Five years after General Motors’ Chief Executive Mary Barra unveiled its pioneering Chevrolet Bolt EV at the Consumer Electronics Show, the chairman of one of the world’s largest automakers was back on the CES stage to show the company's all-in-one electric vehicles. 

"At General Motors, we believe that after one of the most difficult years in recent history, this moment will prove to be an inflection point, the moment when our world’s reliance on gas- and diesel-powered vehicles will begin transitioning to an all-electric future," Barra said Tuesday. "And GM intends to lead that charge."

What You Need To Know

  • General Motors will bring 30 EVs to market within the next five years

  • The GMC Hummer EV, Chevrolet Bolt EUV, Cadillac Lyriq, and Cadillac Celestiq are among the new EVs coming to the U.S.

  • GM is also launching a new goods delivery system called BrightDrop

  • BrightDrop will use a system of EV600 vans and electric pallets to help companies make deliveries

Almost 25 years after GM ushered in the promise of an electric future with its short-lived EV1, and ten years since making good on that promise with its Chevy Volt, the global EV market penetration remains a mere 3%.

"We believe that is all about to change," said Barra, adding that the company is investing $27 billion in its electric and autonomous vehicle programs through 2025.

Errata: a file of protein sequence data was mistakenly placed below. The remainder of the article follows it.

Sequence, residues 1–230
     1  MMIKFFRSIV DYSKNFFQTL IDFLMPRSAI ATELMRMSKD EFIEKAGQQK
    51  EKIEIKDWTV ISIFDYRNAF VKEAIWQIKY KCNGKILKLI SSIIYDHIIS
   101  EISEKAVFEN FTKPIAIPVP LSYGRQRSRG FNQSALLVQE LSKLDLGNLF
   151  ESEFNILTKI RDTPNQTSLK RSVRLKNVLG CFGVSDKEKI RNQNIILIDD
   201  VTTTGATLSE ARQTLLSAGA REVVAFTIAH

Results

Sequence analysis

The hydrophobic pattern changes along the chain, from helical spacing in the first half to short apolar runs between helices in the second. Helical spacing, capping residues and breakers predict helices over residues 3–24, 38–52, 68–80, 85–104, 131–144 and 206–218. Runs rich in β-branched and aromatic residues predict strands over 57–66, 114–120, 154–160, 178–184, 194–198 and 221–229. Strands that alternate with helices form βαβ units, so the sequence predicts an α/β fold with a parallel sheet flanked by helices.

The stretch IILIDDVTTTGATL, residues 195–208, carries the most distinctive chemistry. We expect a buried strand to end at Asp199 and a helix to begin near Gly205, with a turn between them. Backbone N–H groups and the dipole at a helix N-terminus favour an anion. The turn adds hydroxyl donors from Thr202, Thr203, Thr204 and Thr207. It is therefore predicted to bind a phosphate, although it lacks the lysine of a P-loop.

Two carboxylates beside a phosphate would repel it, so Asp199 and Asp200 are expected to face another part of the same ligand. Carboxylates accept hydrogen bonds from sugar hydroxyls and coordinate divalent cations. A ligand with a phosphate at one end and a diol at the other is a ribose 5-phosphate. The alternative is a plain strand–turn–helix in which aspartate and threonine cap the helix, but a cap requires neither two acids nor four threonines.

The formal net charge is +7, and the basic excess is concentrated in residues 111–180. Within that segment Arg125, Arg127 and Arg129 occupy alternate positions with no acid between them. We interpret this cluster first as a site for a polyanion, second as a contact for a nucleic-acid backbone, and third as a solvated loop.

Among the new vehicles GM plans to introduce under its Buick, Cadillac, Chevrolet, and GMC brands are the highly anticipated GMC Hummer EV (with a zero-to-60 mph acceleration time of about three seconds), the Chevrolet Bolt EUV (an SUV version of the Bolt EV that will come with hands-free driving assistance), the Cadillac Lyriq sedan (with a curved 33-inch display), and the all-new “ultra-luxury” Cadillac Celestiq (billed as “a new future for integration of technology and the senses” with customizable roof glass tinting for each passenger).

Underpinning its full-speed-ahead approach to EV technology is its new Ultium battery system that can produce up to 450 miles of range on a charge at nearly 40% less cost and 25% less weight than its current EV batteries. Plus, GM is already at work on next-generation battery chemistry that would increase their range to as much as 600 miles per charge while reducing their cost 60%.

Barra explained that the transition to an EV future is “an opportunity to reimagine how we move,” including goods movement. On Tuesday, she announced a new GM business called BrightDrop, which uses a system of connected EVs and software-enabled services to help companies make deliveries.

At its core is an electric-propelled pallet called the EP1 that helps couriers move goods from delivery vans to customers’ doorsteps. The EP1 can travel up to 3 mph and is designed to accompany couriers, traveling by their side.

Conveniently, the EP1 fits into a new GM BrightDrop EV 600 electric van that can travel up to 250 miles per charge. The first EV600 vans will be delivered later this year, but FedEx will be the first company to receive them and is already piloting the BrightDrop EP1. 

FedEx CEO Richard Smith explained that the EP1s allowed the company to handle 25% more packages per day. Smith expects U.S. residential deliveries to reach 100 million packages per day by 2023, three years earlier than previously estimated.

BrightDrop, he said, “will help FedEx handle unprecedented demand; improve the safety, security and timelines of deliveries; reduce our environmental impact; and protect the wellbeing of our couriers.”

A second FedEx Express pilot with the EP1 will get underway this quarter.